The organizations of the future will need technical skills, including networking, robotics, and data analysis. However, organizational and soft/social skills are definitely not out of the picture. An excellent accompaniment to a technical skill is project management. This is not just a nice resume piece: What is the importance of project management? It is a growing, changing approach to organizational problem-solving.
Project management can be applied to almost any field of work. Therefore, the skills are transferable and universal. However, business and IT fields are the most common areas where this skill is displayed and demanded.
Thankfully, there are certifications and licensures at all levels. You do not have to have years of experience or extensive degrees to display some project management credentials. You can work up to mastery gradually, or you can do just enough to get you where you want to go.
A great thing about project management is that it is not an area that inherently demands a college degree. With hard work, you could be a top project manager without any college degree. However, at least two years of post-secondary (college or graduate) work is ideal. Conversely, project management is an excellent accompaniment to almost any post-secondary degree. It shows that you have a practical skill that is likely to make you a better leader than your otherwise equal counterparts.
The skillset is an obvious must-have if you want to work in the Project Management Office (PMO) of a company. (The PMO is the department that controls planning of projects.) However, a sense of project management is helpful even for followers: If you do not understand the point of what the leader is doing, you might not perform as well. Most top project managers have worked successfully as followers at some point.
This does not have to be a purely mercenary skill: All organizations, even non-profits, need their projects done efficiently and effectively. Therefore, even if you do not see yourself as a corporate mogul, project management is worth your while. Also, governments need people who can lead projects; therefore, even if you aspire to a government job – in any country – project management is an excellent skill to have.
Certifications and Accolades
As mentioned above, there are certifications for different levels of project managers; furthermore, there are some certifications that apply to certain areas, such as IT, or certain management philosophies, such as Six Sigma. Most of these certifications require an exam – which is now most often taken on computer, not paper-and-pencil.
Arguably, the top certification you can get in project management is the Project Management Professional (PMP) certification from the Project Management Institute (PMI), an organization with international scope. Considerable experience must be demonstrated, along with passing the exam, to get certification.
If you are a beginner but think you would like to advance to PMP status, consider becoming a Certified Associate in Project Management (CAPM) – also certified by PMI. While this certification might not give you a substantial raise or a new job instantly, it is a great way to track your progress and let an employer know that you have progressed in this area.
There are also PMI certifications that address certain subareas of project management. For example, you can gain certification as a Scheduling Professional (PMI-SP), Risk Management Professional (PMI-RMP), a Portfolio Management Professional (PMI-PfMP), or a Professional in Business Analysis (PMI-PBA).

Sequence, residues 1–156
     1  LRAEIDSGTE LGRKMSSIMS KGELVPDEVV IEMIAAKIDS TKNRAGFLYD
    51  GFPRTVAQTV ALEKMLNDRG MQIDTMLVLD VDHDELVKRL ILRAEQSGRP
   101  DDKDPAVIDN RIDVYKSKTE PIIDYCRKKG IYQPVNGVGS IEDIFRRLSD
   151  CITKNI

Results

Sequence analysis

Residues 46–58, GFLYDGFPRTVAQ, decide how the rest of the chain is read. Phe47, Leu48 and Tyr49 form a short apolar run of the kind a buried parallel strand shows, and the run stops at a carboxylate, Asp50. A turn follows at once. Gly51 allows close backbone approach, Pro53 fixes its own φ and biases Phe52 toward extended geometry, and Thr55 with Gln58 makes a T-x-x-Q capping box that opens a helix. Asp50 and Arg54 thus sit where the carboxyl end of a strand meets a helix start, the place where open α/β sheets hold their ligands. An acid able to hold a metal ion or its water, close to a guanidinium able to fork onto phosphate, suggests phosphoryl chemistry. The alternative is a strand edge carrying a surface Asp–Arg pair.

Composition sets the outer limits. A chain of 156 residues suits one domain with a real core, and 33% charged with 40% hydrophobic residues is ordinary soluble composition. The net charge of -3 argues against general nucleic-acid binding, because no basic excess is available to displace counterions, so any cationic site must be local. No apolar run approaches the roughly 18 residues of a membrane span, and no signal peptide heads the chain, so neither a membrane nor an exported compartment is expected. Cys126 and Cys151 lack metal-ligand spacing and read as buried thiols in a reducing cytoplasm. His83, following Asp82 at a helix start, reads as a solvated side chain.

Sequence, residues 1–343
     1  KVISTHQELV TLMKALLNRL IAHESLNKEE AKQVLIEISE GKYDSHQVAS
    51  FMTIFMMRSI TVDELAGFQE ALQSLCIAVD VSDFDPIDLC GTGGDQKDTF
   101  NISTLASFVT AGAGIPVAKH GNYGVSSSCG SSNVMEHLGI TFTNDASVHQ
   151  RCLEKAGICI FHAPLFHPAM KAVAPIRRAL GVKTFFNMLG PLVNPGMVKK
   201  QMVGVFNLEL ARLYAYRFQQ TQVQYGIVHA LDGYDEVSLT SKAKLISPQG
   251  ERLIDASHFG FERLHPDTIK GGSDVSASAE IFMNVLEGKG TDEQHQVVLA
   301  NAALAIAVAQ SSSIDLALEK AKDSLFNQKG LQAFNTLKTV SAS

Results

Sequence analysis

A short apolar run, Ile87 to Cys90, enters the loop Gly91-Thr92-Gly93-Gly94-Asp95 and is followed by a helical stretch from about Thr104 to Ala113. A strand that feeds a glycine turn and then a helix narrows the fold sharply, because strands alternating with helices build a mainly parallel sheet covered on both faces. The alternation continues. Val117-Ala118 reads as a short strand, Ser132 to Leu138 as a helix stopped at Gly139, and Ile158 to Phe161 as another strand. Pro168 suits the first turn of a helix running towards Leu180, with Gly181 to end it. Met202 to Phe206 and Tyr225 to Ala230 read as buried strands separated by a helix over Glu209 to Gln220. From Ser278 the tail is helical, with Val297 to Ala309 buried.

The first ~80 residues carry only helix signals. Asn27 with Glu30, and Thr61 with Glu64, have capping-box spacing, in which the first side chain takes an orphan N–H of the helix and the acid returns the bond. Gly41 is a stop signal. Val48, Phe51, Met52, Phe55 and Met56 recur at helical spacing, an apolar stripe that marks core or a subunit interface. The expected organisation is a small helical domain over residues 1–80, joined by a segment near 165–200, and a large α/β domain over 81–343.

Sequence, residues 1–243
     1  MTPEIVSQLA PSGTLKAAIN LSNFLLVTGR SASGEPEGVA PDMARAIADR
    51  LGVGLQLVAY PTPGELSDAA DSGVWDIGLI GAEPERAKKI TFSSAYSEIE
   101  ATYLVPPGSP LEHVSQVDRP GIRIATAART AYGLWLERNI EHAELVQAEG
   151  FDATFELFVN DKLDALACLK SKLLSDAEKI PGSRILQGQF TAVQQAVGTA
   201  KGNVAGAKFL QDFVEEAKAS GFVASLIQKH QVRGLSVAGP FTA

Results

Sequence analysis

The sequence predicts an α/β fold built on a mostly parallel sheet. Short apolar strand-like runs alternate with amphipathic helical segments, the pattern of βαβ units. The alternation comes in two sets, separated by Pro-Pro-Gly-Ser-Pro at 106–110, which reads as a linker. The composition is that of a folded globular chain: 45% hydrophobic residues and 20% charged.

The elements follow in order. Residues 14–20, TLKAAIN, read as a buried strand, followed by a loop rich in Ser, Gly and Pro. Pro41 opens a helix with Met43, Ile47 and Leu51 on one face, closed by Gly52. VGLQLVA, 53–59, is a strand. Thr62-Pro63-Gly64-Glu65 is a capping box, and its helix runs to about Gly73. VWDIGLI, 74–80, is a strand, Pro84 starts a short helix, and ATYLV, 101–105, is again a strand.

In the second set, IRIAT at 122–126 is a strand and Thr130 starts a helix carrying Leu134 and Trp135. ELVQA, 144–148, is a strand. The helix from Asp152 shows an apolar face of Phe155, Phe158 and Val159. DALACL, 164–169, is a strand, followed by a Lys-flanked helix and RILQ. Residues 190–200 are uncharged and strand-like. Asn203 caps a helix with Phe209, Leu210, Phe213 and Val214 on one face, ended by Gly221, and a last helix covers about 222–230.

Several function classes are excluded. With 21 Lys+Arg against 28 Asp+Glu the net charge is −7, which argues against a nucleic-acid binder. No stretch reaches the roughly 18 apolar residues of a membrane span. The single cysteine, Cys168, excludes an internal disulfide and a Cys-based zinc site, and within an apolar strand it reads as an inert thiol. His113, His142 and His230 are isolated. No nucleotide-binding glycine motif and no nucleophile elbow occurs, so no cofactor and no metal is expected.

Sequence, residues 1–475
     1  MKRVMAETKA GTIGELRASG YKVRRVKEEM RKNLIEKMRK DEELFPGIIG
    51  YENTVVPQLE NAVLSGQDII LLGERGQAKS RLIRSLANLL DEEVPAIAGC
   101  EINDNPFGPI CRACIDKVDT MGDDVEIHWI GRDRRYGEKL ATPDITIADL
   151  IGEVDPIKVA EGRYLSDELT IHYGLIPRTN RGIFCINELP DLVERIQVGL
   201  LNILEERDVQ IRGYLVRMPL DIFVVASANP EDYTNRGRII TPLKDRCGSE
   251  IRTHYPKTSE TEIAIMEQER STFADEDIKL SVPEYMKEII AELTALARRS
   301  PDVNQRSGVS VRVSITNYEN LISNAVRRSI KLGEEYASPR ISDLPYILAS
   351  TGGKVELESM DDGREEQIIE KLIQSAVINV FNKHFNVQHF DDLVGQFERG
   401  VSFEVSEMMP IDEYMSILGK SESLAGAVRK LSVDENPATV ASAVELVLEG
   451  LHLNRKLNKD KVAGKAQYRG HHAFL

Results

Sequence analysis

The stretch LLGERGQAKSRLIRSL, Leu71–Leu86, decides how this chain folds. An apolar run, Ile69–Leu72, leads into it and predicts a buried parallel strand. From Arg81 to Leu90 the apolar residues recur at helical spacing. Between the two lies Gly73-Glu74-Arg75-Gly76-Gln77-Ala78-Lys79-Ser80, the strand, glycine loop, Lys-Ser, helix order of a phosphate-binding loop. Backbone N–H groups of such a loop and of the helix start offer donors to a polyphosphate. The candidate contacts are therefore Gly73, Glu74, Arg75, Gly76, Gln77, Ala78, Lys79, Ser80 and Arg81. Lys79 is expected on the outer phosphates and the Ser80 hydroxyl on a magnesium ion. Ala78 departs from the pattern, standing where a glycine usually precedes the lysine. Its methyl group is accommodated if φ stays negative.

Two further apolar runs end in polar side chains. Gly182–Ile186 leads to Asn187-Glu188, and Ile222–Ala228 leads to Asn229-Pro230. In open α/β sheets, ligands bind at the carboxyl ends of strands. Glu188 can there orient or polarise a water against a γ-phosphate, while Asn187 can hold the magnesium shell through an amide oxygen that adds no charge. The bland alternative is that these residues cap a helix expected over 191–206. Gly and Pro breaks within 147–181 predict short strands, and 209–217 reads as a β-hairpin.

Most of these are what they sound like: portfolio management involves planning the investment strategy of an organization to fit project resource needs; business analysis is the use of measurement and calculation to determine what is working towards business goals.
If you want to manage projects in the IT field, consider becoming an Agile Certified Practitioner (PMI-ACP). Agile is the top methodology of IT project management. Outside of the PMI line, consider also becoming a Certified ScrumMaster (CSM): This funny-sounding certification is offered by the Scrum Alliance. Scrum is a component methodology of IT project management, frequently used along with Agile. Note that the CSM is entry-level but still the perfect stepping stone towards greater certifications and qualifications in this area.
The Program Management Professional (PMI-PgMP) is a general intermediate between CAPM and PMP. However, there are organizations, besides PMI, that offer other intermediate certifications. For example, the International Association of Project and Program Management (IAPPM) offers the Certified Project Manager (CPM) certification.
Similarly, the CompTIA Project+ is a great alternative to the CAPM, especially if IT is your desired specialty. CompTIA is the Computing Technology Industry Association, and this is their entry management certification.
Also similarly, for an advanced certification: The Global Association for Quality Management (GAQM) offers the Certified Project Director (CPD) certification. This is a top credential that requires vast experience and can be considered on par with the PMP.
Despite there being multiple excellent certifying organizations, all of which are global in scope, the PMI reigns in the United States. In Europe and Australia, consider the PRINCE2 a counterpart. PRINCE2, which stands for Projects in Controlled Environments, was created by the UK government. The professional-level PRINCE2 takes about the same amount of academic and job experience as the PMP; however, there are foundation and practitioner levels, for those who are entry-level and intermediate, respectively.
There is an extensive lineup of Japanese-origin project management methodologies; the most popular is Six Sigma. Six Sigma certification conveniently comes in a series of belts (as in martial arts) starting with the yellow belt and progressing to green belt and finally to the much-coveted black belt.
What You Will Have to Learn and Do
At all types and levels of certification, experience is important. A few entry-level certifications require no experience, but generally, project management is a practical, rather than academic, area. For most certifications, you need to have worked in at least a part-time job or mentorship/internship that involved a planned project. High-level certifications, such as the PMP, demand a full-time job and project leadership experience.
Furthermore, many certifications must be maintained with continuous credential requirements (CCRs), sometimes measured in professional development units (PDUs). PDUs/CCRs may involve demonstrated project management success, as well as teaching, development, research, or writing in the field of project management.